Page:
Obesity is a serious global health problem and a risk factor for diseases such as type II diabetes, heart disease and fatty liver disease. A central element in the development of obesity is adipose tissue, which comprises fat cells (so-called adipocytes, specialised to store fat) and macrophages (immune system scavenger cells, which are typically associated with the destruction of microbes). Together with researchers from Poland, Germany, Australia and Austria, a team of MedUni Vienna scientists has now discovered the signalling pathways responsible for the development of a valuable type of adipose tissue macrophage (ATM) in obesity, which prevents lipotoxicity. Lipotoxicity is the process whereby fat molecules are deposited in non-adipose tissues. This study has now been published in the top journal Nature Metabolism.
In this study, the researchers, including some from CeMM (Research Center for Molecular Medicine of the Austrian Academy of Sciences) and the University of Graz, specifically studied the PI3K signalling pathway. This is a major metabolic regulator, since it regulates fat storage and plays a major role in the cellular reaction to the hormone insulin. In obesity, diminished insulin action or insulin resistance leads to type II diabetes, which is linked to high blood glucose levels.
Gernot Schabbauer from the Institute of Vascular Biology and Thrombosis Research at MedUni Vienna's Center for Physiology and Pharmacology and senior author of the study has been studying the PI3K signalling pathway in immune cells for several years now: "The key role of PI3K in metabolic processes is proven but its role in adipose tissue macrophages was hitherto unclear." Julia Brunner, co-lead author of the study, adds: "ATMs are like Dr Jekyll and Mr Hyde - in obesity, they can either be good or bad. We assumed that an active PI3K signalling pathway could tip the balance in favour of 'good'."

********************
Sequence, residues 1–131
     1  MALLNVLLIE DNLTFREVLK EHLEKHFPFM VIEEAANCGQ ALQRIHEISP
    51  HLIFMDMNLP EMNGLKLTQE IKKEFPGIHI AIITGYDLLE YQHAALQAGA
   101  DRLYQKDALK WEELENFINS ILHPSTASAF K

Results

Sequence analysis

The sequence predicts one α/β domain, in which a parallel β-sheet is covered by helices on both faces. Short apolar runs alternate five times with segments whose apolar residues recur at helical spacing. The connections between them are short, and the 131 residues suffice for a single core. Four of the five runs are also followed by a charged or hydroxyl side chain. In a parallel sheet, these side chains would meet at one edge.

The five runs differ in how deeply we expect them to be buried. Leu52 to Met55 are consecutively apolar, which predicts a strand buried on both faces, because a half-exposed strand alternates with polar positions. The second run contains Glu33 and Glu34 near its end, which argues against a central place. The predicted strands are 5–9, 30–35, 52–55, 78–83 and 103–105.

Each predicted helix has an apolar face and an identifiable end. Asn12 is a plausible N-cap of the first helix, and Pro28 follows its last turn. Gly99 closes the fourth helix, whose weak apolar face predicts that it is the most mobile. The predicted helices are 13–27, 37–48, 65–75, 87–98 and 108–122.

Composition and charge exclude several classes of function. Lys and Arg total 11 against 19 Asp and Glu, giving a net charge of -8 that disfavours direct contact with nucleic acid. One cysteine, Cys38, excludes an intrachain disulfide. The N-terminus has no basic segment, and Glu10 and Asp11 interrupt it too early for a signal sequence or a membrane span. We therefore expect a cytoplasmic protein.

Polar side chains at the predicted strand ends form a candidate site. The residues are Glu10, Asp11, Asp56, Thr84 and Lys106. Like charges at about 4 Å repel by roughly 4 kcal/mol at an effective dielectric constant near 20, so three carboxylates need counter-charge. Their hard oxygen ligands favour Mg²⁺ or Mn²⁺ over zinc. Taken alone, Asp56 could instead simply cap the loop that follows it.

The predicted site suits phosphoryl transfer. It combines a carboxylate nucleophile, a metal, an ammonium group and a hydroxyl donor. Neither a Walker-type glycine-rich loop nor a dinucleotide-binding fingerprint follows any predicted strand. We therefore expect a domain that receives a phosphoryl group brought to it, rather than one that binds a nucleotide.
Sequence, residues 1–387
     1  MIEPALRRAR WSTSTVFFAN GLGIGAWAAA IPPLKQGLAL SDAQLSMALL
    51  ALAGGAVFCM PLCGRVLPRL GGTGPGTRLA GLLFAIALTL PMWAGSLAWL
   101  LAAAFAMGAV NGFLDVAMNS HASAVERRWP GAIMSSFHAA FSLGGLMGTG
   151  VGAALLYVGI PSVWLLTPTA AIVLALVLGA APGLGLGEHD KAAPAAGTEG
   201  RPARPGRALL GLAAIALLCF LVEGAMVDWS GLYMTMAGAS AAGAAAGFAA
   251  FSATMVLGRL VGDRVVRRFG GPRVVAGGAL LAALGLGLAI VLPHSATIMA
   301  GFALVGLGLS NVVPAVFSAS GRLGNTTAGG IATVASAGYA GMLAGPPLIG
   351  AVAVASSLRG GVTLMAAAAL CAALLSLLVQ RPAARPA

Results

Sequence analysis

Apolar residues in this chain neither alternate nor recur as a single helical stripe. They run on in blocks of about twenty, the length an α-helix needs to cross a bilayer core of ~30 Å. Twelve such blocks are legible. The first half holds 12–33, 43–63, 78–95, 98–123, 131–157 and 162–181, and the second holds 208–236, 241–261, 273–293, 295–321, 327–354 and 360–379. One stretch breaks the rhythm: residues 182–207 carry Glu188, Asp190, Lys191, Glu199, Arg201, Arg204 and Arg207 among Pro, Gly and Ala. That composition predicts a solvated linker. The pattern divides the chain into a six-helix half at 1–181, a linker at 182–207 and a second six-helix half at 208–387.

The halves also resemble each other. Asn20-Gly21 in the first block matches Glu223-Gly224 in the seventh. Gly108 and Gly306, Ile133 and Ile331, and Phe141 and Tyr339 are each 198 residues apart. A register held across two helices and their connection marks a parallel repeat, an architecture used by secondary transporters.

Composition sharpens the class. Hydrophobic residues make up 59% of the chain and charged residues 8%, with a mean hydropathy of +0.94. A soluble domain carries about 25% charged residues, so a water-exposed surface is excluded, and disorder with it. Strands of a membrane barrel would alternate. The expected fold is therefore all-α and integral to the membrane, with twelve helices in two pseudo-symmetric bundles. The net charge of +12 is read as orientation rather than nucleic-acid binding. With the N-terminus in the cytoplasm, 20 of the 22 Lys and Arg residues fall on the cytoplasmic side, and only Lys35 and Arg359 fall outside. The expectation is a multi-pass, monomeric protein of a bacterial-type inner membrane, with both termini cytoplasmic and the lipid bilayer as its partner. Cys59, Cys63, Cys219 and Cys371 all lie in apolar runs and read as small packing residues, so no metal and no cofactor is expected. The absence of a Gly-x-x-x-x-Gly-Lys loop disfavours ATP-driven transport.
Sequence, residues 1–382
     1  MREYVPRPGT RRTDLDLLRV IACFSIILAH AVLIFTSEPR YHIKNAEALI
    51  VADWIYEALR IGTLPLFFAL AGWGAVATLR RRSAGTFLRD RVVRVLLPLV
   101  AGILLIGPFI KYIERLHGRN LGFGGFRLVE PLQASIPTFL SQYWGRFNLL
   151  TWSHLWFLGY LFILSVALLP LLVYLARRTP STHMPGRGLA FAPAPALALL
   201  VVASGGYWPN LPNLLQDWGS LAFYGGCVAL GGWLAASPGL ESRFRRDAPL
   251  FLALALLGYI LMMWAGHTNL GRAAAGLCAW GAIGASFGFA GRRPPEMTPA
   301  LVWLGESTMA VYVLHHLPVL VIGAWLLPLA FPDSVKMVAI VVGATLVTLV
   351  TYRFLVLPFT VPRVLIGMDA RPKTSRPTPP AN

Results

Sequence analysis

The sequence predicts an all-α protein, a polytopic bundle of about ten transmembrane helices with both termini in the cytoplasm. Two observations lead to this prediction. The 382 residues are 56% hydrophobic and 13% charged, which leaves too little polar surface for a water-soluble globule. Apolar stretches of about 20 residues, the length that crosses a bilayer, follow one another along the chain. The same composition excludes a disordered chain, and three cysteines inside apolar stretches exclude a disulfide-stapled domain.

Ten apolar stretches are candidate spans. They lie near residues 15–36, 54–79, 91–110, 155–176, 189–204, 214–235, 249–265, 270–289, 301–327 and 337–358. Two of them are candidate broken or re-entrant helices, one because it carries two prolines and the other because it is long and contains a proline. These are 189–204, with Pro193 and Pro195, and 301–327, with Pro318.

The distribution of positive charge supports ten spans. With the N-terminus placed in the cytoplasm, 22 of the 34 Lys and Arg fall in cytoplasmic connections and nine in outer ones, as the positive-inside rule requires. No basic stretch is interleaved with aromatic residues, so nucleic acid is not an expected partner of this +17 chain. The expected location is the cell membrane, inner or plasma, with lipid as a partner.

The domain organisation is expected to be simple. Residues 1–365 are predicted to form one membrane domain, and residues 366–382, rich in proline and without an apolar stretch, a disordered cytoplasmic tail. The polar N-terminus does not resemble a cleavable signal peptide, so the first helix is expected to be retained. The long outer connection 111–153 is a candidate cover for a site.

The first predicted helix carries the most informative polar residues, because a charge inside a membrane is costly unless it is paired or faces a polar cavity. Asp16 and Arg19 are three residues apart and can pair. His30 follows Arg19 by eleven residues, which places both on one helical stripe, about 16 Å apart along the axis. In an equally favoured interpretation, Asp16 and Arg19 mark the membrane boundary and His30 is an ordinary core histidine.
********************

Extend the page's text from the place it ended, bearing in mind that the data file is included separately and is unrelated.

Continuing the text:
Using techniques such as multicolour flow cytometry, lipidomics, cellular respiration tests and several animal models, the scientists discovered that sustained activity of the PI3K signalling pathway can tip the balance within macrophages for the better: this notably produces specialised ATMs, which are characterised by increased numbers of MARCO (macrophage receptor with collagenous structure) scavenger receptors on their surface.
"We discovered that these MARCO-expressing ATMs are professional lipid scavengers. These cells absorb fat MARCO-dependently and break it down, thereby preventing it from finding its way into the bloodstream," explains Andrea Vogel, co-lead author of the study and PhD student in immunology at MedUni Vienna. Omar Sharif, co-senior author of the study, adds: "Metabolic syndrome and lipotoxicity are characteristic features of obesity. Our work indicates that a higher lipid intake and improved energy metabolism of the ATMs helps to maintain systemic metabolic health. This can have far-reaching impacts for a number of metabolic diseases."
Subsequent studies will now be conducted to establish whether PI3K signalling can also have a lasting influence on the ATM population in humans as well. "Although moderate inhibition of PI3K has already been discussed as a therapeutic strategy for treating metabolic diseases, our data point to potential unexpected side-effects. These might include altered blood lipid levels, caused by the reduced fat absorption of the ATMs," says Schabbauer.